Every year testing is improved. Modifications are made to the ration to better suit developing heifers, and new methods of evaluation are added. During the past four years, data has been collected on ADG, carcass ultrasound, conception rates and temperament. Last year, ultrasound measurement of ribeye area, rib fat and intramuscular fat and optional AI were offered. New tests may be added this year to better help the producer select heifers that will improve performance and maternal traits within their herd.

The 2011-2012 program will be accepting heifers in October of 2011. Spring-born heifer calves weighing between 400 lb. and 600 lb. are eligible for the four-month program. Acceptance into the program will be on a first-come, first-serve basis, based on the availability of silage and feedlot space. Contact Bill Storer at 225-266-1821 (cell) for reservations.

Hormel Workers To Vote on Unionization at Iowa Plant

Tom Johnston on reported Aug. 25, that a report by the Dubuque Telegraph Herald claimed workers at Hormel Foods Inc.’s Dubuque, Iowa, plant are set to vote on whether to organize this week.

The vote comes as workers seek better wages and more “dignity and respect,” Jerry Messer, president of United Food and Commercial Workers (UFCW) Local 431, was quoted as saying in the report.

Hormel opened the $89 million Dubuque plant, which processes the company’s Compleats microwaveable meals, in January 2010. Plans were to employ as many as 200 people by the end of 2010. At full capacity the plant would employ 300 people.

Cydectin® Pour-On Buck-A-Liter Program
Contributes Nearly $200,000 To Wounded Warrior Project™

Beef and dairy producers supported returning veterans in a big way through purchases of Cydectin® Pour-On this spring. Through the Cydectin Buck-a-Liter campaign, Boehringer Ingelheim Vetmedica Inc. (BIVI) donated nearly $200,000 this summer to the Wounded Warrior Project™ (WWP).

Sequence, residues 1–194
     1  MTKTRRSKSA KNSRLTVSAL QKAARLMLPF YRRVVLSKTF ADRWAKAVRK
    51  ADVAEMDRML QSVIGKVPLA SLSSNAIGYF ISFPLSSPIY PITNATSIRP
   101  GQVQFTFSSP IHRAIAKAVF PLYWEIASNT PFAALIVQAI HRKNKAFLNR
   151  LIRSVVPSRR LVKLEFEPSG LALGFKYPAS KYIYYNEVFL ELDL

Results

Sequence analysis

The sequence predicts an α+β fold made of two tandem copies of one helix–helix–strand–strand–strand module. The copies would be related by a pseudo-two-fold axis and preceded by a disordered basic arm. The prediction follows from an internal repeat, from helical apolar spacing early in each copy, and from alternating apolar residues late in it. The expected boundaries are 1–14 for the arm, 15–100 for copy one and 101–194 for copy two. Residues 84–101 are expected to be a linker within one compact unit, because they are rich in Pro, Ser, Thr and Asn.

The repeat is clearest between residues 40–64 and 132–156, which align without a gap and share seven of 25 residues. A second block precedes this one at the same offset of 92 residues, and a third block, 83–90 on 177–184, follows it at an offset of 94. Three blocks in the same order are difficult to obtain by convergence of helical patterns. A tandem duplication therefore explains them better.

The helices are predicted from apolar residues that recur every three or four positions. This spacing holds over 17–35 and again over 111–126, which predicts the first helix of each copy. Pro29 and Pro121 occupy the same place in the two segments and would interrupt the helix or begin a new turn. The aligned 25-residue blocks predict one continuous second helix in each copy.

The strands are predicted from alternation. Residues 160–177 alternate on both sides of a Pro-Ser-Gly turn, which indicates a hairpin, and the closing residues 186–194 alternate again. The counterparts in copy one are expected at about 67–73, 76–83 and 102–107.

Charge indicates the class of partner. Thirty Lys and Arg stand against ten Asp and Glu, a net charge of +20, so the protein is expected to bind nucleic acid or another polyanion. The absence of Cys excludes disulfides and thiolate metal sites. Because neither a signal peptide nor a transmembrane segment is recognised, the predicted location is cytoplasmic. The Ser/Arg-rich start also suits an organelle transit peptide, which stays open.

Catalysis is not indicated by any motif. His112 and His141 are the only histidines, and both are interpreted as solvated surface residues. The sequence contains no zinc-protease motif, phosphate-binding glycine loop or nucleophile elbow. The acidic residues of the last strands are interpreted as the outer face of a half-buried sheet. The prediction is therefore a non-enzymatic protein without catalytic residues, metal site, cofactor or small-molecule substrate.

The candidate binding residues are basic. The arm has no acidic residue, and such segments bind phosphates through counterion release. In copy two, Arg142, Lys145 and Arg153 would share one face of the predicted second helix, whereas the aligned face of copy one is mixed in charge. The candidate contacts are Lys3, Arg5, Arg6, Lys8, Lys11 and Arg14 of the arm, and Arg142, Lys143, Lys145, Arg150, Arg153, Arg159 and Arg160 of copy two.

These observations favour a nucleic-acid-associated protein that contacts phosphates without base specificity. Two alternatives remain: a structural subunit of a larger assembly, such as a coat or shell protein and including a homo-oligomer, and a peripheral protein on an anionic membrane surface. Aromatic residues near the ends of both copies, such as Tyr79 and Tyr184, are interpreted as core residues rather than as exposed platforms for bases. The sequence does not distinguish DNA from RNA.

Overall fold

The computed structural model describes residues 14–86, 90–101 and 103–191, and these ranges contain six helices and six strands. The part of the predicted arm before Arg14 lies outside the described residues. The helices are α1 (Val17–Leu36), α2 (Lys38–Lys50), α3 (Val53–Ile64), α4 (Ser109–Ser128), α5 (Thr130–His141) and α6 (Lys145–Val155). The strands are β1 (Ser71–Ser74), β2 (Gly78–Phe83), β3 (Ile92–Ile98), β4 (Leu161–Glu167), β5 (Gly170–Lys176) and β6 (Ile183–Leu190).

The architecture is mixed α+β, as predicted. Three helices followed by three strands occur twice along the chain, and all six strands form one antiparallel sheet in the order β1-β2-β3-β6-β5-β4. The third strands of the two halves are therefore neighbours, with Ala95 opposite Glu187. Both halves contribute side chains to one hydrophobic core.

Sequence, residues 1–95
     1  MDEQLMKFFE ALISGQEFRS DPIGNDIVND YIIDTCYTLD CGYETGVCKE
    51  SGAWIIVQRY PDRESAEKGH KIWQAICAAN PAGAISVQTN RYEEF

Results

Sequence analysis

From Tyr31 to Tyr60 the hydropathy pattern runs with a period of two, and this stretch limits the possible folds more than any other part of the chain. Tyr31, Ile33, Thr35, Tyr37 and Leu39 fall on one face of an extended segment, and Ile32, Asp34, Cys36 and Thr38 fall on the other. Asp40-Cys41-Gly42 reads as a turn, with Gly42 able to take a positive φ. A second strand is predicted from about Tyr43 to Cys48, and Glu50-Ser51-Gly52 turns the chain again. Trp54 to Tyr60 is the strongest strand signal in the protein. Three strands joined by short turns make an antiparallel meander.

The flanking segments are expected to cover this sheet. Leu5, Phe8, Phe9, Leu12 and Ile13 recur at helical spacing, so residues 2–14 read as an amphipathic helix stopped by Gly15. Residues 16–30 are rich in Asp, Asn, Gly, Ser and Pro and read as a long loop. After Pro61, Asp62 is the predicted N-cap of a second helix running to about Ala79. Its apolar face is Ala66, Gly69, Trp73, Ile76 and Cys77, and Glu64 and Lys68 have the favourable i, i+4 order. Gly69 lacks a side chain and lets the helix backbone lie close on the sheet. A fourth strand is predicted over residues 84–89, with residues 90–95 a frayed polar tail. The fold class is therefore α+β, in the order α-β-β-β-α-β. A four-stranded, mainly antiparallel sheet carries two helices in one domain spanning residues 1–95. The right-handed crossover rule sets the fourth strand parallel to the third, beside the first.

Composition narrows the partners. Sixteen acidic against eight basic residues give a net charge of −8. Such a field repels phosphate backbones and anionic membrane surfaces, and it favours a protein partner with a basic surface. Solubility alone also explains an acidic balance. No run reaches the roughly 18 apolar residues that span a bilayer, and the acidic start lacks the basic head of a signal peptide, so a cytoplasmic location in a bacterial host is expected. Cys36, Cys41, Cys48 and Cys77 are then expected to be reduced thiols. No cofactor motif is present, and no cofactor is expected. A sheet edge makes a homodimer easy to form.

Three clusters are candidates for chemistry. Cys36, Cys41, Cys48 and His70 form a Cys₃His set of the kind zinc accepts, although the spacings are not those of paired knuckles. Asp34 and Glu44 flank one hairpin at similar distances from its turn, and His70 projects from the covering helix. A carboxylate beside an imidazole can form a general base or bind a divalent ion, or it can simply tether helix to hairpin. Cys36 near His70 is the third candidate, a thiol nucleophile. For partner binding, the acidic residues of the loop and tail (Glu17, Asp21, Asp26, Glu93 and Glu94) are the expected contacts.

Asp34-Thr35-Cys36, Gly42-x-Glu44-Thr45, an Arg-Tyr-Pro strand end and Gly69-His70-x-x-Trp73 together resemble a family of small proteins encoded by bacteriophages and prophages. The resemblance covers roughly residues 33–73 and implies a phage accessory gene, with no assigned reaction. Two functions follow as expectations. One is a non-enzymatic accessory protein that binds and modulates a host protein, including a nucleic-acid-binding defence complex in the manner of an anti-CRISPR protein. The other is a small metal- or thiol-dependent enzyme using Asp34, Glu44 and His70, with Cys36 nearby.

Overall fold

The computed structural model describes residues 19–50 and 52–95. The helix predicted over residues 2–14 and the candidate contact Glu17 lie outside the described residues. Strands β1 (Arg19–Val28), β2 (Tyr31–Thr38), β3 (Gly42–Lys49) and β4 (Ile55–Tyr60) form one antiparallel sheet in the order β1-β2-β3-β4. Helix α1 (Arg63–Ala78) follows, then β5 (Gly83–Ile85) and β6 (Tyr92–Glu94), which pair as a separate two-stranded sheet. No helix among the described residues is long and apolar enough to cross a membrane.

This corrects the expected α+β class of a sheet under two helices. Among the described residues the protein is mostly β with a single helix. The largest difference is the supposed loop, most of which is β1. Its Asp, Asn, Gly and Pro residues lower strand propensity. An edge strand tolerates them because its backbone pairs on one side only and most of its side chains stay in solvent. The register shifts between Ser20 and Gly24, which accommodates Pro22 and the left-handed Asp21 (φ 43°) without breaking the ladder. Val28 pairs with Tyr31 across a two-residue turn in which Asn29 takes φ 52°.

Beyond Cydectin’s mission partnership with WWP, BIVI ran a special program that would donate $1 for every liter of Cydectin Pour-On sold from March 1-May 31, 2011. The Spring Buck-a-Liter program garnered an overwhelming response with a total of 199,780 liters of Cydectin Pour-on sold, which yielded a donation of $199,780 to WWP.

“Globally, Boehringer Ingelheim is committed to social responsibility; and our support of Wounded Warrior Project is just one example of this. We are so honored to support this worthy cause and hope this token of support through the Buck-a-Liter program can make a difference in the lives of returning veterans,” says Colin Meyers, executive director, U.S. cattle business & process excellence with BIVI.

In 2010, BIVI partnered with WWP through its Cydectin Pour-On product to create the Cydectin Honor Our Troops program. This unique collaboration shows returning veterans that America’s beef and dairy producers are grateful for their sacrifice and service. For more information on the Cydectin Honor Our Troops program, visit